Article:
Trading strategies for multiple accounts

In this post, we are going to look at the design approaches one should follow to run a trading strategy across multiple accounts.

Design Approaches

One Strategy Instance Per Account

In this approach, you build a trading strategy that is designed to run on a single account. So in order to run it across multiple accounts, you need to run multiple instances of this strategy (one instance per account).

One Strategy for All Accounts

In this approach, you build your trading strategy in such a way that it can handle multiple accounts.

How to choose a correct design approach?

There are pros and cons of each approach. And the one you should choose really depends on your specific scenario.

One Strategy Instance Per Account

Pros

  • Helps reduce complexity (as the code becomes simple)
  • High scalability (You can easily run it across multiple accounts)
    • For high level programming languages like C# or Java
    • Not for charting software like AmiBroker or MetaTrader etc.

Cons

  • Novice programmers find this approach difficult
  • Does not scale well on charting software
    • The major reason for this is that the charting software are hardware intensive. Understandably so as any graphics processing tasks require a high CPU.
    • Users should use stuff like scanners which process faster
  • Starting multiple strategy instances on a lot of accounts can be tiring job
    • Another limitation primarily for charting software as they are not really a trading system
    • An ideal trading system just has a single start button (most of these are custom made)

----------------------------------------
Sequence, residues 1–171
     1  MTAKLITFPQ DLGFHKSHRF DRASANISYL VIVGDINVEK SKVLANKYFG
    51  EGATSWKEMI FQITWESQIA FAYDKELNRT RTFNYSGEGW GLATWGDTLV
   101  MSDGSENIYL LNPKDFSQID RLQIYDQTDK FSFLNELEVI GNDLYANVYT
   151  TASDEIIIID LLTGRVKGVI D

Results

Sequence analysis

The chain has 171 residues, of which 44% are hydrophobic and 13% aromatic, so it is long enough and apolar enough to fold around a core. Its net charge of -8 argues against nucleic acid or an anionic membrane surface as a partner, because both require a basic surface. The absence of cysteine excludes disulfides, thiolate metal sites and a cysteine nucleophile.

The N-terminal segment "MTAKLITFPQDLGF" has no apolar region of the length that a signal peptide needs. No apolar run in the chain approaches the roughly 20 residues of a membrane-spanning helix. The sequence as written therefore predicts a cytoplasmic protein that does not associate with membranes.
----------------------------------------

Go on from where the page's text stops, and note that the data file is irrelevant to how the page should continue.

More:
One Strategy for All Accounts

Pros

  • Novice programmers find it easy to code (say if there is a feature like group account which internally maps to multiple trading accounts)
    • It is easy, but only for very simple trading strategies that mostly just require placing an order
  • Quite easy to manage on charting software as users do not have to start multiple charts (reduces the burden of setting each chart’s strategy parameters)
  • Hardware requirement is small (which is helpful in case of charting software)

Cons

  • Difficulty increases when it comes to debugging and investigating issues
  • Not at all easy when your strategy is complex and involves (order modification/cancellation, fund management etc.)

Conclusion

Based on the explanation given above, you need to evaluate your use case and make the correct choice.

If we are to recommend, we will always say go with (One strategy instance per account) design approach.

After spending more than 12 years developing Financial Software, I took a break from my career to start my own algorithmic trading setup. This new journey started well and along with my own proprietary trading systems, I also started building automation systems for retail traders, fund managers and HNIs. I was employed with firms like Morgan Stanley, HSBC & SunGard. I work on various technologies, but my strengths are building server side cloud based algorithmic trading systems built primarily using Java programming language. Apart from all of this, I am a big fan of Formula 1 racing :-)

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